As we sit on the heels of the pandemic, we can look back and see how changing consumer buying habits influenced supply chains and vice versa. Now, with costs rising and inflation playing a leading role in financial decision-making in both homes and businesses across the country, it’s likely that we’ll see shifts in buying habits and therefore changing supply chain strategies again. The evolution will continue as cold food companies evolve and adjust to make their business models fit into the new, new normal.
Here's the Top 6 trends in cold food warehousing.
1. Shifting supply chain strategies to match changing consumer behaviors
The pandemic changed the way consumers shop, with more and more business conducted online, even in the grocery business. Many companies made a quick pivot to offer or increase online shopping and pickup/delivery options.
As it has become clear that consumer habits like online shopping and ordering groceries for delivery are here to stay, companies are looking for ways to make those options more sustainable, turning to micro-fulfillment and other alternative distribution methods that don’t involve a shopper on a grocery store floor.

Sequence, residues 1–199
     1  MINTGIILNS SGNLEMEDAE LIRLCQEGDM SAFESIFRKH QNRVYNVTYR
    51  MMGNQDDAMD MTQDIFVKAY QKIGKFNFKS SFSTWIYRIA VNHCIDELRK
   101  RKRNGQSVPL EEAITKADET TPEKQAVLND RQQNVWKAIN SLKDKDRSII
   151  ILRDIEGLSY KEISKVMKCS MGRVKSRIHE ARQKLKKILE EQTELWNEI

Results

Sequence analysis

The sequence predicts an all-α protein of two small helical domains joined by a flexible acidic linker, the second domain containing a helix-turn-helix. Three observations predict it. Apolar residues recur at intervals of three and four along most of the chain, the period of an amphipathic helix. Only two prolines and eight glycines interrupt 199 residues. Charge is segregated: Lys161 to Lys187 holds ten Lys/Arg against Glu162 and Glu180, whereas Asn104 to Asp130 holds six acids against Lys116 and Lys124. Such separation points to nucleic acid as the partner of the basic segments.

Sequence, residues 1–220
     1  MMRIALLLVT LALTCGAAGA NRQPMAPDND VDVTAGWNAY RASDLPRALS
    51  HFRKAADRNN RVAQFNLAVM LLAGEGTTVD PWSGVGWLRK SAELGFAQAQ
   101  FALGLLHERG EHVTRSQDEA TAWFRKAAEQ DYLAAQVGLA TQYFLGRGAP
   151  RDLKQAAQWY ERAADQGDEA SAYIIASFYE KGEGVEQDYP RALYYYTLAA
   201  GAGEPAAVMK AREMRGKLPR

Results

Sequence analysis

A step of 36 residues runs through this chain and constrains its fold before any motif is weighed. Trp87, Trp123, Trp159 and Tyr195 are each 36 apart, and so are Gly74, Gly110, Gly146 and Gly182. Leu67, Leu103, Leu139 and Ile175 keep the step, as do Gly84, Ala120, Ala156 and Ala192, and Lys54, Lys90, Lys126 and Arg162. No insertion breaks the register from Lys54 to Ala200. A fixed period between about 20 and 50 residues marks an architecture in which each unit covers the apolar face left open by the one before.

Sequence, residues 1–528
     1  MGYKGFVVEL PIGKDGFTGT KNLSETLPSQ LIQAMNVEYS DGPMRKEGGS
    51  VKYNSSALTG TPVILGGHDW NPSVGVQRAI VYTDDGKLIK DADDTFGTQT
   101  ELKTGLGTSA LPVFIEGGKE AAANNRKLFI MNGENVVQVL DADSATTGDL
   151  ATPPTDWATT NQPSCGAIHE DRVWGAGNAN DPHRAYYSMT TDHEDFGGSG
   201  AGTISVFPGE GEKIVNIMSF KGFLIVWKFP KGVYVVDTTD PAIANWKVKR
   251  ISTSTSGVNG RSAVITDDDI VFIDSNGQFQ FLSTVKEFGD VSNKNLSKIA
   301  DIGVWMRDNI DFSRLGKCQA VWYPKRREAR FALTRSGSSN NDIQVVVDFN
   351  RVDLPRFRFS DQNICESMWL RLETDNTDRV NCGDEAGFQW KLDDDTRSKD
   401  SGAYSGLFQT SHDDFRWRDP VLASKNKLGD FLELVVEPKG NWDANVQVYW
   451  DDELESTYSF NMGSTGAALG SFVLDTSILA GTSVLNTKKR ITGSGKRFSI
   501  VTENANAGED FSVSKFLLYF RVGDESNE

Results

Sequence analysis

Supply chain challenges have also shaped the cold chain. Take the growing U.S. lamb market for example. The market growth has a lot to do with exports from New Zealand and Australia, with about half of the available supply coming from those two countries. Supply chain challenges during the pandemic made it difficult to get fresh lamb into the country within the necessary timeframe, which fueled a market for frozen lamb and drove domestic lamb prices up. Consumer buying habits have adjusted, with consumers tending to favor more affordable frozen lamb.
2. B2B distributors offering products direct to consumers
During the pandemic when restaurants were not operating and therefore not ordering, many foodservice distributors pivoted their business model to keep the lights on. They began selling directly to consumers, and those distributors that had the right technology in place to support this new style of operations have been successful in expanding their B2C businesses.